Tuesday, July 5, 2011

2nd July, Cappadocia, Goreme, Turkey

I joined a herd in the shape of a conducted tour, via my guesthouse. It was an all day thing that was to cover much of the areas highlights.
For this lone traveler it was a bit of a shock being pitched in to a minibus with a whole lot of strangers. Cappadocia is a big area and it seemed a good way to see some of the gems. The last group joining the bus in the town, were about 8 Koreans, all babbling away. I was rather nervous that it could be a mistake. I was wrong, they were very charming and spoke excellent English. Hitomi was staying in my Otel and there were a couple of fun Italian girls as well. One thing is for sure, these trips are a great way of meeting people. I will tell the story of the day in as few pics as possible.
The one thing difficult to show is the under ground town. Build over a 1000 years ago to protect the minority Christian groups. About 20-100 people for many centuries lived all there domestic life in these very deep dug out caves. Over 7 storeys deep and hundreds of feet. Now I can do caves, and have even been pot holing, but this was not a thing anyone should do with the slightest twinge of claustrophobia. There were about 10 of us, and probably 200 other trippers at the site as well, they filed us down and down these tiny interconnecting stairwells, that one had to crouch going down and was a bit of a squeeze.  It was fascinating, but I am afraid I was getting very nervy by the time we got to the bottom. I was practicing my 'fear of flying' anxiety busting techniques, i.e squeezing ones' bum cheeks and deep steady breathing, I even started writing some journal up to get my mind off it. Talking of shitting one self, they apparently used clay pots that were bought up daily.
As we climbed back higher it became easier but the idea of living there was incredible. I am not surprised that it was abandoned when the threat stopped.

That evening John and Jane rolled into town and after being introduced to a cool bar by Anna and Claudia from Roma, we all went and supped at the 'Local' restaurant, which served a delicious speciality called a clay pot Kabab. Basically a stew, which they have to break the pottery cooking pot to serve. Grt fun.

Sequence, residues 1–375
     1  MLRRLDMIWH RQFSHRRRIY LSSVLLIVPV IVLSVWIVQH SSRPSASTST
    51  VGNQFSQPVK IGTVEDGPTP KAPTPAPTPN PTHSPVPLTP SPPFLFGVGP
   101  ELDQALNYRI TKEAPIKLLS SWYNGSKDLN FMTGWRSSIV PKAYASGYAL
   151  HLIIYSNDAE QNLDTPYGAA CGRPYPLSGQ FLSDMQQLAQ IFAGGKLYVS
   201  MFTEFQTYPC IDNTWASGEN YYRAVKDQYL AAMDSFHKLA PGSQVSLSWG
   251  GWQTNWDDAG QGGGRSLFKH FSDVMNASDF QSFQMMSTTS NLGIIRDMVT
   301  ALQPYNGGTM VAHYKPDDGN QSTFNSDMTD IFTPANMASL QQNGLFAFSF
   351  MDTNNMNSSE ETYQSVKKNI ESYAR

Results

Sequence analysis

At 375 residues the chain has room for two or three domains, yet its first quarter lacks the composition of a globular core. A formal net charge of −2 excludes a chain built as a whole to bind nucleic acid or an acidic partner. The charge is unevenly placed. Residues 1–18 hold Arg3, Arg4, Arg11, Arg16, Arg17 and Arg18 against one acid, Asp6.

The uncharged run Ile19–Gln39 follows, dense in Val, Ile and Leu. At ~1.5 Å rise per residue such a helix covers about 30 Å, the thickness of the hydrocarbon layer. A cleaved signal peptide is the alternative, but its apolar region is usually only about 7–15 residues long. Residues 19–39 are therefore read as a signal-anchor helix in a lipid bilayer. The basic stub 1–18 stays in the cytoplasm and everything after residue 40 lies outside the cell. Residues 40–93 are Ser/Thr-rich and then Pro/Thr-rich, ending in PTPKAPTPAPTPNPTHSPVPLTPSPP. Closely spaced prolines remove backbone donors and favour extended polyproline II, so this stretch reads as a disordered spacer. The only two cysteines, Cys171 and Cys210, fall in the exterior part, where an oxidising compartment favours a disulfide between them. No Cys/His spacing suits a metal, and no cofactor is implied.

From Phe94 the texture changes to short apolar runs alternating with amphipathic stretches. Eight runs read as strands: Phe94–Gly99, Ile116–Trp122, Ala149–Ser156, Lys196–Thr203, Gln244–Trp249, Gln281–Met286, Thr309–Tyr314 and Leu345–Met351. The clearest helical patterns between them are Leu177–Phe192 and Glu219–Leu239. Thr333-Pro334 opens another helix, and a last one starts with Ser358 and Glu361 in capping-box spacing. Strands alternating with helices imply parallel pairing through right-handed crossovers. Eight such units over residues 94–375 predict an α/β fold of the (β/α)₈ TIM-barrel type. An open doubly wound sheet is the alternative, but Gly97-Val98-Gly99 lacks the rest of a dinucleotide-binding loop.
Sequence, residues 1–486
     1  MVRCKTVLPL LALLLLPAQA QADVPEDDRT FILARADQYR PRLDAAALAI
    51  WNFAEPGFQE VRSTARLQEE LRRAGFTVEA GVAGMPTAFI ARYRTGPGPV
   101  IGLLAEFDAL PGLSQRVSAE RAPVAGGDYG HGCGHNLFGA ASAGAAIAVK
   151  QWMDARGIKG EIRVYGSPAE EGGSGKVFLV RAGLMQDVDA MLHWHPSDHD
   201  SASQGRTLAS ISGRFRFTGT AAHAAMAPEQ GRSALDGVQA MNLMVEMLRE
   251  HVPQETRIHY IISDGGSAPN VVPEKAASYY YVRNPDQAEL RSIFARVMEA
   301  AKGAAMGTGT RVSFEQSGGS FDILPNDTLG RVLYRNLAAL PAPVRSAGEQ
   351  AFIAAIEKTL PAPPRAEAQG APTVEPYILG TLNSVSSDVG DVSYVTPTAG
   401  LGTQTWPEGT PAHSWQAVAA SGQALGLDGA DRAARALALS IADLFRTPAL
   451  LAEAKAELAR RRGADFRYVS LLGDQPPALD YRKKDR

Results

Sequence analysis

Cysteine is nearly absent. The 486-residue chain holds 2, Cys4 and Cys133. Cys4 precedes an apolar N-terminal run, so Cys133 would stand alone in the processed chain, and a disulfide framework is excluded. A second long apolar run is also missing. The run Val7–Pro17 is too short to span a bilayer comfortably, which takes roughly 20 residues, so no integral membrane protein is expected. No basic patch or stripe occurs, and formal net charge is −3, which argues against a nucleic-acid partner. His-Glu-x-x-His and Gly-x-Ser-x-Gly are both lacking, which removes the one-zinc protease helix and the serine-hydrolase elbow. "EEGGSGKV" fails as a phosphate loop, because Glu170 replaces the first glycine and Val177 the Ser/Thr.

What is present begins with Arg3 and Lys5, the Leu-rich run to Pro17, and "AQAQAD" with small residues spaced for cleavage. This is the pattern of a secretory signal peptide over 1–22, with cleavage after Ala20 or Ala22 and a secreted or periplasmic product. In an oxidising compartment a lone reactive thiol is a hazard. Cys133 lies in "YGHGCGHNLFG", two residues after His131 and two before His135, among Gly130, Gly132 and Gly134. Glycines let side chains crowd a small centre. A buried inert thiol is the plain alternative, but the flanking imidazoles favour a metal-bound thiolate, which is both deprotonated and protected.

The next day was rather relaxed and  we went to a local museum in the morning, had lunch, a potter abound the town, tried to get some sunset shots in the Rose valley then a beer followed by supper again at Local. We all agreed it was the best Turkish food we had had and worth paying a few quid extra.


  1. Wow Harry.. you're sure cracking on.
    I did Goremi and lake Van in the 70's, I expect it's changed a bit since then.

    Absolutely love the blog.
    Keep it coming.
    I find the Log most informative.. miles and dates etc.

    House sale collapsed.. but may now rent Dotty out.

    Managed to change the rubber sleeve around my BMW drive shaft link at the junction with the gearbox, in the pouring rain round at Martin's 'Railway Cuttings'.
    It ment removing rear wheel, lifting mudguard,
    removing the rear drive, unbolting the shaft and pushing
    it back away from the engine sufficiently far to allow removal of old
    rubber case and introducing new one.
    Of course sods law came into play, and I dropped the
    box spanner head into the main drive shaft casing.
    Thank god I was able to pick it out with a clothes hanger!!
    That took 3/4 hr just on it's own.
    Martin `Supplied Tea and lunch during the 5 hours it took!.
    I too now need a nail brush, as I don't like picking my nose with oily fingers.

    Keep it incoming..I am really feeling the urge to join in.

  2. Harry
    I am really enjoying your comments on your trip and living it vicariously through Google latitude.
    How much do you still need the post saddle exercises? Or do you after a month's riding have "iron butt"?
    Keep it up

  3. Hi Harry, Fiona told us of your marathon journey. I've really enjoyed hearing about where you've got to so far. We went to Meteora last year and were blown away by that and the mountains up there. I did the same overland trip in the 70s - much has changed I dare say. The best bit about travelling afloat is the people we meet - as you're discovering as well. Good luck! Catherine & Leighton onboard S/V Makarma - currently anchored in Patmos, Greece

  4. We just flew from Istanbul to Kayseri. this is a province where you land for Cappadocia. Upon arrival one guy meet us at airport then we transferred to Cappadocia, after check in procedure our guide came to meet with us then we start to first day tour .First visit Devrent Valley to see the unique fairy-chimneys,open-air museum , Monk valley ,rock-cut churches and Christian settlements which date back hundreds of years. By the way Turkish meals are fantastic www.privatetoursinistanbul.com after tour we just lay to our bed down. Second day begin with baloon tour ( at about 05:30 a.m ), First we were in group who were excited and hesitant about ballooning. Our pilot was wonderful, he was very careful, knowledgably and informed about geography. I could easily to say that this is very different to see fairy chimneys from air rather than ground. Also second day was magnificent, too. After tour we get back where to begin. I assume that I could tell my dream, if you have a change I suggest you to see Cappadocia especially with this company. They are very kind and very successful also every time genial. would highly recommend